A Twins Study Shows ADHD Isn’t Just Genetic.
We all know the longstanding debate about nature versus nurture in determining our traits and personality. How much of our identity has to do with genetics and how much with our environment? Studies of twins—both identical (from one fertilised egg) and non-identical (from two)—have been a prime tool in sorting this out, because they allow scientists to isolate more easily the effect of genes. Such research has been especially helpful in trying to understand the widespread problem known as Attention Deficit/ Hyperactivity Disorder. Multiple studies, with identical and non-identical twins, have led scientists to conclude that genes cause 70% of the differences that could lead to an ADHD diagnosis. What about the rest of the equation, the “nurture” part? When children’s restless and inattentive behaviours interfere with life, they often get an ADHD diagnosis and medication. But are there ways other than drugs to mitigate ADHD? A new twins study suggests that environmental changes could help too.
In the study, psychologist Luisa Livingstone of the University of New England in Australia and colleagues included only identical twins with the goal of understanding the non-genetic part of the problem. Among the 1,024 pairs of identical twins in the paper, published in the Journal of Abnormal Psychology, any differences between the twins in a pair had to be due almost completely to the environment. The researchers followed the children—in Australia, the U.S. and Scandinavia—from kindergarten to third grade. Every year, parents rated each twin using the Disruptive Behaviour Rating Scale, which has nine questions each about hyperactivity and inattentiveness. Other studies have found this scale to reflect actual behaviour. Using sophisticated statistics, the researchers tracked the difference between the twins across these school years. Many twins didn’t show a difference in behaviour. Some showed a consistent difference for all four years, suggesting that something had happened in their lives before the reporting period, causing the divergence. But most of the differences between twins appeared only briefly—occurring at just one age. This implies that something in their environment had changed to affect their behaviour.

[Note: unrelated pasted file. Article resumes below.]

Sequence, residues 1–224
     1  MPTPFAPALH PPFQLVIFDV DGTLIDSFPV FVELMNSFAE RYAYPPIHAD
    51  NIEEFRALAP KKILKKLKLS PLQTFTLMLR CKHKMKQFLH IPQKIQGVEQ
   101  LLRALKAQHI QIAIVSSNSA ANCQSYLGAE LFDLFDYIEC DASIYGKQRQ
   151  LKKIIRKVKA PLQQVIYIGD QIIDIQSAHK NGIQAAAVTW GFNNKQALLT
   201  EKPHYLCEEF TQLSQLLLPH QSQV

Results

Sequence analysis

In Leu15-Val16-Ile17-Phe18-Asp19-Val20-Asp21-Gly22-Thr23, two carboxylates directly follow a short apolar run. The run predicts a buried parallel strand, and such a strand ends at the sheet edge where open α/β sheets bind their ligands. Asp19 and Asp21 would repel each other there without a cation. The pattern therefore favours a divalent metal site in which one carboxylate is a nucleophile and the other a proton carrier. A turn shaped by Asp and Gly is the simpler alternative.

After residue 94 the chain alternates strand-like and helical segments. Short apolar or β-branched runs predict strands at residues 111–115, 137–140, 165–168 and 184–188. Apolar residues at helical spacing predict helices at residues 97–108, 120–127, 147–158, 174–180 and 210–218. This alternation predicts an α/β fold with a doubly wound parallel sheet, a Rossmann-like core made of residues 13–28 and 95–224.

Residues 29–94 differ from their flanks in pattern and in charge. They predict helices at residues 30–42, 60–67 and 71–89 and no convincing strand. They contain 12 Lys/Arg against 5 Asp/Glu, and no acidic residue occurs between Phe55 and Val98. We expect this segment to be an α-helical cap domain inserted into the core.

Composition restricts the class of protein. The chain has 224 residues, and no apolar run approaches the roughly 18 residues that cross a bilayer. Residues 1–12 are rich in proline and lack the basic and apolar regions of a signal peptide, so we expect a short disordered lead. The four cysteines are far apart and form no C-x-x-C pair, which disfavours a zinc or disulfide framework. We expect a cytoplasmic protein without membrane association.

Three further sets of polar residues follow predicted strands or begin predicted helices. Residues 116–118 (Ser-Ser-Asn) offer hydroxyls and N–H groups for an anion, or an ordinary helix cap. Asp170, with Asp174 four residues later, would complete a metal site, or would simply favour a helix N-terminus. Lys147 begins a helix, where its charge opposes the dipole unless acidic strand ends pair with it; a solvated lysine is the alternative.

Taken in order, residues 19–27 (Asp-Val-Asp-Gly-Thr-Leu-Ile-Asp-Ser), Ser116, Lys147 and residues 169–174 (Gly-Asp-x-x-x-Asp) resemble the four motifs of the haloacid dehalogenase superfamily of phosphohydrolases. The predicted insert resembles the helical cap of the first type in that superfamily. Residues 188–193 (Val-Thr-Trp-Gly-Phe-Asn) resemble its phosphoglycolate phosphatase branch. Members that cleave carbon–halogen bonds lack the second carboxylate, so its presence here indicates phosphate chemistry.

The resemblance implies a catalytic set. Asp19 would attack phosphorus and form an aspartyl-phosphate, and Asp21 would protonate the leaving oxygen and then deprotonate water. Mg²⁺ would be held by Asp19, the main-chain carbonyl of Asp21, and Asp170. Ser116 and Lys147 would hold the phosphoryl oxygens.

The study didn’t address what caused the problems, nor whether the ADHD-like behaviour would lead to a longer-term or recurrent problem. But because most of the differences came and went in a year or so, it suggests that we may be able to adjust the environment to address at least some disruptive behaviour. We know from the history of ADHD that the school environment matters enormously. In fact, although the disorder causes other life problems, ADHD was essentially unrecognised before the era of universal schooling.
My own research suggests how critical such factors are. The hunter-gatherer children I studied in the 1970s in Botswana had a lot to learn—how to determine the age of animal tracks, for example, or where to dig for tubers—but they learned on the move, in playful groups. When economically developed cultures started asking children to sit still for seven hours a day, we soon discovered that a minority of them—10% or more, especially boys—couldn’t do it.
Anthropologists view ADHD as a “mismatch” disorder—due to a discrepancy between the world we evolved in and our world now. So what’s the solution, aside from medication? We could give children a break. We have long known that frequent recess and play improve attention; such activity is routine in countries such as Finland and Japan. Yet Olga Jarrett of the Georgia State University College of Education, writing on the website of the US Play Coalition, a play-advocacy group, has shown that the recent trend in the U.S. has been, absurdly, to abolish recess, dismantle playgrounds and ignore nature. This is no way to reduce the number of children, now millions, on medication for ADHD.
Credit: Melvin Konner for The Wall Street Journal, 5 May 2017.